A new solar farm on the far South Side of San Antonio is now generating electricity for CPS energy.
Just south of loop 410 on Blue Wing Road is a newly built solar farm called Alamo 1. At 453 acres it’s the size 300 foot ball field and can generate enough energy to power 6,600 homes. It’s 167,00 solar panels went online last week, generating 40 megawatts - it’s the first phase of what will be a 400 megawatt project.
Giant batteries are coming to a power grid near you. In fact, they're already starting to appear on the grid in California.
That's because California is planning to rely increasingly on power supplies that aren't necessarily available every minute of every day. The state plans to get one-third of its electricity from wind and solar energy by 2020.
Utilities in the state are trying to figure out how they can cope with that uncertain power supply. Batteries aren't a panacea, but they could help.
As CPS Energy closes down the Deely coal power plant and ponders whether a new gas or nuclear plant is the solution, a big conference is landing in town next week pushing solar, wind and other renewables: The 2013 Texas Renewables Conference.
Tom DeLay won't be seeing the inside of a jail cell after having his 2010 conviction overturned by the Texas 3rd Court of Appeals this morning. In a 2-1 vote the Republican judges on the three-judge panel voted the evidence in the trial wasn't strong enough and reversed the judgment to an acquittal.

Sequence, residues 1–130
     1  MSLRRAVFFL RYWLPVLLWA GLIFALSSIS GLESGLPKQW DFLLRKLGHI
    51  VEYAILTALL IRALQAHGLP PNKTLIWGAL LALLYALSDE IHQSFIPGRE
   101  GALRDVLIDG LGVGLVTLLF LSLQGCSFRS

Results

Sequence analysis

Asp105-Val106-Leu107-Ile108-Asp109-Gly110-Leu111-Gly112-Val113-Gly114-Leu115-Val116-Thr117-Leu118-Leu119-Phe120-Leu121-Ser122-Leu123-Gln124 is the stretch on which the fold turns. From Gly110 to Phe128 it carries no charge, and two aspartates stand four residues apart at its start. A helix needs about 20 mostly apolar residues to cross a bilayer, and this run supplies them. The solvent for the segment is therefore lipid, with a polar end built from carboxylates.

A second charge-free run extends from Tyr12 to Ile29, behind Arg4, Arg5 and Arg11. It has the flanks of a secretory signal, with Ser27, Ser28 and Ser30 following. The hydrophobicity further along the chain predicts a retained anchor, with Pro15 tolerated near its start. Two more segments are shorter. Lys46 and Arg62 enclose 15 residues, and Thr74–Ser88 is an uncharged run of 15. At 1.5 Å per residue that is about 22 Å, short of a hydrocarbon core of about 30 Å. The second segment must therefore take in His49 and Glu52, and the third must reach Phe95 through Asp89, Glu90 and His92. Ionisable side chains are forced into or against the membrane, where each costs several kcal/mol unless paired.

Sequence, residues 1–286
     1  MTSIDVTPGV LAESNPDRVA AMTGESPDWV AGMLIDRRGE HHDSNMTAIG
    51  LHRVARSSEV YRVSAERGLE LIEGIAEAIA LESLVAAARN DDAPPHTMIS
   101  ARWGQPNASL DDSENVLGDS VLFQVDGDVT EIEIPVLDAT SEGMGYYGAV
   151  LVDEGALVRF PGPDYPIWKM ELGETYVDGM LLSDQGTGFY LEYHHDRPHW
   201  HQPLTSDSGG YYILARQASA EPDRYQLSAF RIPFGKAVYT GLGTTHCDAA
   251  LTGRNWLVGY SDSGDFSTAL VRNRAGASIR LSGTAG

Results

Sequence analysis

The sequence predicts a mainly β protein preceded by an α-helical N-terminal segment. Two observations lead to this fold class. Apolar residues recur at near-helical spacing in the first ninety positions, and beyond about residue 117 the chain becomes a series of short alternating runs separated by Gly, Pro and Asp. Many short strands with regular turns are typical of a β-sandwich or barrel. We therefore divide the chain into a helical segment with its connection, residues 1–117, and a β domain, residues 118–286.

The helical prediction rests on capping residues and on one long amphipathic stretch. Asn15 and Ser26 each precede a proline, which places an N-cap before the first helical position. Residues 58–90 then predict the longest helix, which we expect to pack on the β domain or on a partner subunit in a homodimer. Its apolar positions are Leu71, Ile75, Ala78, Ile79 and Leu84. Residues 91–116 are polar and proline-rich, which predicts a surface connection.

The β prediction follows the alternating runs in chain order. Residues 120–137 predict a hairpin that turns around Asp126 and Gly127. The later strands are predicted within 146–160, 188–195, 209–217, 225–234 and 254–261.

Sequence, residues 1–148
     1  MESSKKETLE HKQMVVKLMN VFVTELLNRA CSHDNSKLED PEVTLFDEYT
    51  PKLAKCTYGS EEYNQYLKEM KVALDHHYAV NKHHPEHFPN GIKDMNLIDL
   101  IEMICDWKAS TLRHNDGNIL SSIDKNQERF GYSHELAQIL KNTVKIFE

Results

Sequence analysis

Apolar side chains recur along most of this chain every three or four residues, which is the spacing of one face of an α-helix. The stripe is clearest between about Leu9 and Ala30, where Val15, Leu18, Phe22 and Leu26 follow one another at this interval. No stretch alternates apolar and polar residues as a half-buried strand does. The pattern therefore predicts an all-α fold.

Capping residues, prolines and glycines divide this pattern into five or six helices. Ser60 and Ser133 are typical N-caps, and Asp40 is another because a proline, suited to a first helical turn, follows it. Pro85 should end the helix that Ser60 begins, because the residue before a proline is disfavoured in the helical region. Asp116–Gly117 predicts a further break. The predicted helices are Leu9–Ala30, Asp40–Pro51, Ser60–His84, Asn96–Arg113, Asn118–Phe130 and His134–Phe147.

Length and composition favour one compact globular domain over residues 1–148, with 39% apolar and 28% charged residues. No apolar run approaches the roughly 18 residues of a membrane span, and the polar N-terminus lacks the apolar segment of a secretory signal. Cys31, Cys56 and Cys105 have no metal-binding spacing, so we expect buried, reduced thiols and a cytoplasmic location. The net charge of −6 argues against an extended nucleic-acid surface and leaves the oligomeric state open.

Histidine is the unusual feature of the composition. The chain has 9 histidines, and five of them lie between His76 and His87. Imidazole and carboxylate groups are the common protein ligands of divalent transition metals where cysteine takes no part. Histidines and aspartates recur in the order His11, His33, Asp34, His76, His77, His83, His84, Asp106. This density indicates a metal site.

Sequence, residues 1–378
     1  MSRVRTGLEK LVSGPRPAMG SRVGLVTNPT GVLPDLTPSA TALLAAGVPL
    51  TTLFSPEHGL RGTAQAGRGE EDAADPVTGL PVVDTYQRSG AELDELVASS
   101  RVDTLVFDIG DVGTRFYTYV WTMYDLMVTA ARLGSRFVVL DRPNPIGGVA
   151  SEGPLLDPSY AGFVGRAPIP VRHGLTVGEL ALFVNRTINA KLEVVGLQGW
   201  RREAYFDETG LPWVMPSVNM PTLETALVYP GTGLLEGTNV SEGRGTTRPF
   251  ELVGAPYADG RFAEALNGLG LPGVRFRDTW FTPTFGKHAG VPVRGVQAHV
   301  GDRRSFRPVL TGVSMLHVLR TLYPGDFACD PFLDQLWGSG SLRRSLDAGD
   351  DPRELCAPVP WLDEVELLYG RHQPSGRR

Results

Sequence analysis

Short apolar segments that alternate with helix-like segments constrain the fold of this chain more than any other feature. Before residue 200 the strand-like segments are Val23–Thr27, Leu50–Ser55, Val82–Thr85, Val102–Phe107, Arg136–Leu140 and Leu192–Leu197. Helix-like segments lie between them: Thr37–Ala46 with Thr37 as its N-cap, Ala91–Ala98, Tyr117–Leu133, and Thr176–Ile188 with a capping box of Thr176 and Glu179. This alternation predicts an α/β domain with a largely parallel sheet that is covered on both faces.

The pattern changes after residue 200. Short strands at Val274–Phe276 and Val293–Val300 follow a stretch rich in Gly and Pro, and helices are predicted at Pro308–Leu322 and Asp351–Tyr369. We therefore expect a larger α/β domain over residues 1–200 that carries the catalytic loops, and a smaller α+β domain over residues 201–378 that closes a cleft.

Nexolon America Wednesday announced the next phase of its solar manufacturing project in San Antonio. The company that broke ground last year expects to 400 employees are expected to be hired beginning in Sept.
Nexolon America is working with the Alamo Colleges to develop a training program for new employees to build 200 megawatts of solar modules per year. Executive Vice-President Scot Arey said the company is expecting to start advertising in about a month for its first wave of hiring.
The announcement that CPS Energy is considering changing the amount of money it would reimburse its solar generating customers - cutting it by nearly 40 percent - caused more than a stir in the solar community.
CPS Energy is replacing its solar credit system that pays solar energy users with another program that pays slightly less, leaving some solar energy organizations and customers outraged.
CPS Energy customers currently pay 9.9 cents per kilowatt used, but people with solar energy on their home or business receive the same 9.9 cents back as a credit on their bill for every kilowatt they generate in a process called net-metering.
Today CPS Energy and city officials joined OCI Solar Power executives in a toast to the first phase of construction on a mega solar power agreement that promises 800 jobs for the city over several solar farm locations.
Officials made a ceremonial first dig with shovels at the site of Alamo I, the first solar farm location, to symbolize the massive construction project that has already begun.
South of Loop 410 and IH-37, Alamo I will soon be buzzing with hundreds of solar panels that will generate 41 megawatts.